Last updated: 08:57 / Thursday, 4 February 2016
Main Sector Concerned Is Oil

Corporate Defaults Piling Up

Corporate Defaults Piling Up
  • The corporate default rate is at its highest level since 2009. Among the number of companies defaulting in 2015 one-fifth are from emerging markets
  • Most are in Brazil and Russia. And the main sector concerned is oil and gas
  • “It would be logical to expect heavily indebted companies to have a decreasing capacity to pay down debt, especially those that operate in sectors most sensitive to economic cycles”

The corporate default rate is at its highest level since 2009. In its latest study on 30 November, Standard & Poor’s reported a sharp increase in the number of companies defaulting in 2015: 101 issuers reneged on their obligations. The last time the figure was so high was in 2009. The latest two companies failing to repay their debt are Uralsib, a Russian bank, and China Fishery, a global fish and seafood supplier. Among these hundred plus companies, only 21, i.e. one-fifth, are from emerging markets. Most are in Brazil and Russia. And the main sector concerned is oil and gas, says Jean-Philippe Donge, Head of Fixed Income at Banque de Luxembourg.

The latest news concerning Petrobras, Glencore, Valeant and VW has echoes of the crisis we saw in the 2000s on the corporate debt market. At that time, a number of companies were posting record debt levels which ended up causing them to default or engage in major debt restructuring: World- Com, Enron, General Motors and France Télécom to name a few. We might well wonder whether the situation is different this time round. “But if it isn't, does this mean the corporate debt cycle is at tipping point? Are we about to see major debt restructurings?”, asks Donge. Let's look at the history of the price of the Glencore 1.25% bond maturing in March 2021. In 2012, Glencore launched its acquisition of the Swiss mining company Xstrata. In 2013, it took over the Canadian trader Viterra and in 2015 embarked on a merger with Rio Tinto. The latter did not succeed.

Primary sector debts and bank loans

Many companies are now posting debt and liquidity levels equivalent to those of the telecoms sector in the early 2000s. You only have to look at the sharp increase in global issue volumes, says the expert. In 2014, these came to 3.5 trillion dollars compared to 2.1 trillion in 2008 (3). Weak growth and the resulting deflationary pressures have led to a fall in earnings. The first companies to be affected are linked to oil and mining.

In emerging markets, Brazil and Russia have the greatest number of struggling companies. Petroleo Brasileiro (Petrobras) and the Brazilian Development Bank (BNDES) are a microcosm of the type of problems encountered on the corporate debt market: meltdown in commodity prices at the same time as an increase in corporate debt. Petrobras is a semi-public Brazilian and integrated energy company. BNDES is the Brazilian government's financial arm for funding various projects, ranging from agriculture to infrastructure, in Brazil and elsewhere but mainly in South America.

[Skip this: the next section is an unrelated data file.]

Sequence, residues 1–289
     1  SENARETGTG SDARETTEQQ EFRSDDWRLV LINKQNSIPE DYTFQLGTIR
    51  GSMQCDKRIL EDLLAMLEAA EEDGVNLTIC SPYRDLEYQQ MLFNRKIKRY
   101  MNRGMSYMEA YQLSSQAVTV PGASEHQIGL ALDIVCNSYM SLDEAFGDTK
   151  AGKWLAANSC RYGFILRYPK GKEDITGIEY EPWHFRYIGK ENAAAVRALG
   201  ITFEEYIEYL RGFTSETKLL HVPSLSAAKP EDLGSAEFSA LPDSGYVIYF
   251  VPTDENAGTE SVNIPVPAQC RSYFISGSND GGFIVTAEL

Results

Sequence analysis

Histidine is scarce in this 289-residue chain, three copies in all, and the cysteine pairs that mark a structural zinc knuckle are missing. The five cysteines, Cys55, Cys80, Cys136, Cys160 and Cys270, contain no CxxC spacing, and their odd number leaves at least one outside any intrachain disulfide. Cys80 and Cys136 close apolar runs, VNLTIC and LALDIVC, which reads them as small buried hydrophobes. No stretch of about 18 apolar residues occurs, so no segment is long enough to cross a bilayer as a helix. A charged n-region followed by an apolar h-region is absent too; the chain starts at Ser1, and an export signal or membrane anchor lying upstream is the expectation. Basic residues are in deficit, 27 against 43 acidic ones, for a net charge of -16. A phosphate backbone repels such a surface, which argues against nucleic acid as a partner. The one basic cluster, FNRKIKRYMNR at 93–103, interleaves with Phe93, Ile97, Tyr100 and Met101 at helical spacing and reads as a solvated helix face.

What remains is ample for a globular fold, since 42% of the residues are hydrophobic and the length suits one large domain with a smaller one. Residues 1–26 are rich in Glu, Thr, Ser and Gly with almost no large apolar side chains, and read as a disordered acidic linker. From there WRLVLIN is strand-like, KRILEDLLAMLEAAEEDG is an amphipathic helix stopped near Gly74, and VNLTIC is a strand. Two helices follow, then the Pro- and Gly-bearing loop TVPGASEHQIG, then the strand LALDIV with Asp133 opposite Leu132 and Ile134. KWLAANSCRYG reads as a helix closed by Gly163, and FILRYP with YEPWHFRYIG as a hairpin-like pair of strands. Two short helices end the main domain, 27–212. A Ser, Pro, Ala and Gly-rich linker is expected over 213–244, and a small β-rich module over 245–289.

The quantitative easing programs being conducted in developed countries, in particular by the US Federal Reserve, led to massive financial inflows to emerging markets between 2008 and 2014. These flows encouraged an increase in bond issues and bank loans, for a total of nearly 7 trillion dollars, he adds.

The case of BNDES illustrates the position of the corporate sector in emerging markets. Last year, after a continuous increase in its loan portfolio and with assets of 330 billion dollars, it was on the point of overtaking the World Bank as the world's second-biggest development bank after the China Development Bank. Unfortunately, it has suffered a sharp slowdown in activity this year, leading to a decline in disbursements. From January to October, the total amount of loans made by the bank came to around R$105 billion, which represents a drop of 28% compared to the amounts disbursed in the same period in 2014. From January to September, the bank's net income came to R$6.6 billion, which is 10.3% below the level recorded in the same period in 2014, specifies Donge.

Are we heading for a corporate debt crisis?

Potential fears for the corporate debt market would seem to be justified. Debt levels are high. Earnings are down. Monetary policies have taken or will be taking a less accommodative turn (despite the recent pronouncements by the President of the ECB). In particular, the return to a cycle of rising US interest rates coupled with a relatively strong dollar are looming over the market. If this does not happen, it would mean that the economic situation is not improving. “Heavily indebted companies therefore find themselves between a rock and a hard place, especially those that operate in sectors most sensitive to economic cycles. For the next few months, it would be logical to expect them to have a decreasing capacity to pay down debt.” He concludes.